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Behind Deion Sanders’ Flash And Fame Is A Whole Lot Of Faith And Fortitude

Deion Sanders
Image Credit60 Minutes/YouTube

Deion Sanders might love attention — but when it comes to Coach Prime, there’s much more than meets the eye.

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The University of Colorado football program over the years often contended for the Big 8 title. It was the home of great athletes like Kordell Stewart, Darian Hagan, Eric Bieniemy, Rashaan Salaam, Dave Logan, and Cliff Branch.

But it fell on hard times the last few years. Last year, they finished 1-11, lost their last four games by an average of over 30 points, and fired the coach.

Then they did something crazy. They hired a guy whose coaching experience was limited to several high schools, one of which was plagued by scandal, and then a historically black college that played second-division football.

But this new coach had some things going for him. He was a three-sport athletic star in college baseball, track, and football. In high school, he was also a basketball star. He became a solid Major League Baseball player and a star in the NFL — the only player in history to hit a major league home run and score an NFL touchdown in the same week. After retiring, he was promptly inducted into the NFL Hall of Fame.

He goes by several names. His first was Prime Time, which was given to him by teammates on his high school basketball team. Later in college football, they called him “Neon Deion.”

Yeah, it’s Deion Sanders. His players call him “Coach Prime.”

I confess I never particularly liked the guy during his playing days. His flamboyant style rubbed me wrong, maybe because I personally have never been flamboyant because I never had anything to be flamboyant about. I was wary about him becoming the head coach at Colorado.  

Deion loves attention. As a player, he was charismatic, dramatic, and loud. He had a weakness for gaudy jewelry and dazzling suits. He cut a few rap albums. He was a commentator on NFL games and not shy about his opinions.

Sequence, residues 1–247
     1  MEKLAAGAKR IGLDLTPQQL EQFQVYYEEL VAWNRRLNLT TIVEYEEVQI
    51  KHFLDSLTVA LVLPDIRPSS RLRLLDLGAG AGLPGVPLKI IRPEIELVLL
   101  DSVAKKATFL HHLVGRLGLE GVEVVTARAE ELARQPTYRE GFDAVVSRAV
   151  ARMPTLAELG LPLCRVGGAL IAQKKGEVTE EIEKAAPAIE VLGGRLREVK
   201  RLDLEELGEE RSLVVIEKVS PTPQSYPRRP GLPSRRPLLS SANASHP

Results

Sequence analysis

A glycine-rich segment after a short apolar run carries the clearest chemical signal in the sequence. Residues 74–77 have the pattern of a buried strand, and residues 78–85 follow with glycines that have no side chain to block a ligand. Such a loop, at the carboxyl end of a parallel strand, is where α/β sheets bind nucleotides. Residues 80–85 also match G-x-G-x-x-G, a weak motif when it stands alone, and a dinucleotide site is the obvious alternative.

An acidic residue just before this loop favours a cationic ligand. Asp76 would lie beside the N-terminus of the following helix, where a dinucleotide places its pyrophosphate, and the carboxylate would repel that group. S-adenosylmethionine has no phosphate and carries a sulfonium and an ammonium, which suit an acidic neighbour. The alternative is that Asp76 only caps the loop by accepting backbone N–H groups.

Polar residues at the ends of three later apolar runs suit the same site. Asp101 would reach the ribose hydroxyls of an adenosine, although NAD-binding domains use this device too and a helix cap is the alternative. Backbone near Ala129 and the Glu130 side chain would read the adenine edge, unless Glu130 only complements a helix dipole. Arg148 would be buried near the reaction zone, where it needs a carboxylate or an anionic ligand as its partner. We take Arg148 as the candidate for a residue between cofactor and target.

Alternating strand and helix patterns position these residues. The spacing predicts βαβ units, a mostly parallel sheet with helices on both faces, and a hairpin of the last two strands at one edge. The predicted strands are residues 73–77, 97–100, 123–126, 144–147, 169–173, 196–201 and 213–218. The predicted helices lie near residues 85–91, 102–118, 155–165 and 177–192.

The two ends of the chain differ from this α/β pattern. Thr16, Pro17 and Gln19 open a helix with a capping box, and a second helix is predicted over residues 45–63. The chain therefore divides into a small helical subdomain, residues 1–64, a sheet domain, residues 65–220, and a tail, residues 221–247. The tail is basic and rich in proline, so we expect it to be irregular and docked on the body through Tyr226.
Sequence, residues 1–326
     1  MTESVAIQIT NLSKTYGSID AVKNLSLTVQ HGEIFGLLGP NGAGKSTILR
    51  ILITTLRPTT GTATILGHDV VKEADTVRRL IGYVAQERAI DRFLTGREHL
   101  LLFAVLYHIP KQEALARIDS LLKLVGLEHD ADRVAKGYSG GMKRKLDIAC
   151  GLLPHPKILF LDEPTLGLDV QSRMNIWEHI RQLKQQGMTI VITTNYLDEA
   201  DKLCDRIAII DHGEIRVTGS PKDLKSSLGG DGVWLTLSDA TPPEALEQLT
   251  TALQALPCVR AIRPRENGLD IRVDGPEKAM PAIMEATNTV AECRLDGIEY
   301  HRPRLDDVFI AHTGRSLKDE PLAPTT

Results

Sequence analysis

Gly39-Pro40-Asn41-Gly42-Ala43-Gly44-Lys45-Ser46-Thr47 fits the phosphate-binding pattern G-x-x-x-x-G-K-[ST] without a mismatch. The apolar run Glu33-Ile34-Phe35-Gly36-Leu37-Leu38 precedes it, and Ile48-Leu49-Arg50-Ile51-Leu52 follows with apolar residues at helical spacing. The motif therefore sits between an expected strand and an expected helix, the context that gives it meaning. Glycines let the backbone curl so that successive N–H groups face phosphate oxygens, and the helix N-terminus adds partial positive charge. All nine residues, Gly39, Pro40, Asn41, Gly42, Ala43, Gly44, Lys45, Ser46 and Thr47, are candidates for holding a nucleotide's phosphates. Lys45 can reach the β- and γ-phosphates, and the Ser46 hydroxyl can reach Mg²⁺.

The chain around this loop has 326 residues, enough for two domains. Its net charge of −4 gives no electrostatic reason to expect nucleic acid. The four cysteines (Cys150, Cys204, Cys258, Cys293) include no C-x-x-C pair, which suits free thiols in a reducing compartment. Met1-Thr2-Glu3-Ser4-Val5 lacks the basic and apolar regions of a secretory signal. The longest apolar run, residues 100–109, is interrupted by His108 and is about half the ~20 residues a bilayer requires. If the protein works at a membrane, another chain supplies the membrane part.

But he had an incredible athletic ability to back it all up.

He finally earned his college degree in 2020 with a bachelor’s degree in business administration. About coaching, he has explained that each player is different and must be coached a little differently. I never perceived that awareness and sensitivity in, say, Bear Bryant or Tom Landry.

Perhaps relatedly, and perhaps not, he’s an unabashed Christian. He wrote an autobiography called Power, Money & Sex: How Success Almost Ruined My Life. He counsels with a nondenominational pastor.

Deion has formally mentored younger athletes and even tried to adopt one. About that one, Deion said, “He doesn’t have parents; they died. God put this young man in my heart. This is not about sports. This is about a kid’s life.”

Upon accepting the CU coaching job, Deion said, “God chose me; for that, I thank Him.” It sounds conceited, but I interpret it as humility — he implied that whether he earned the job or not, it was a gift from his Creator, as all else is in life.

If his Creator follows football or Deion, he must be pleased so far. Deion has opened the season with two stunning wins over last year’s national championship runner-up and then — drum roll — perennial rival Nebraska. After they trounced Nebraska, the long-suffering Buffalo faithful flooded the field, and Dieon told the on-field broadcaster that he loved the school.

Deion had a severe blood clotting issue in his leg after a surgery. It’s not an uncommon post-surgical complication, but in Deion’s case it threatened to cost him his foot, then his leg, then his life. Ultimately, he lost only a couple of toes, but it left him with a noticeable, permanent limp at just age 56. And he’s still not out of the woods. Maybe it’s a reminder of the precious life and miraculous talent God chose for him, and how temporal it all is.

He’s engaged with his sons, to the point that two of them followed him to Colorado and now play for the Buffs. In case you think these sons are beneficiaries of Hunter Biden-type nepotistic favoritism, know that the one who plays quarterback passed for about 900 yards in his first two games here.

Before the season at Colorado began, Deion exuded a confidence bordering on cockiness. “We’re coming,” he told skeptics. Yeah, yeah, thought the skeptics, that’s Prime-Time-Neon-Deion spouting off.

After the opening win, he said, “I told you — I told you, we’re coming.” After trouncing Nebraska, he said, “We’re coming.”

He’s here. And he’s still coming.

This article was originally published on the author’s Substack.


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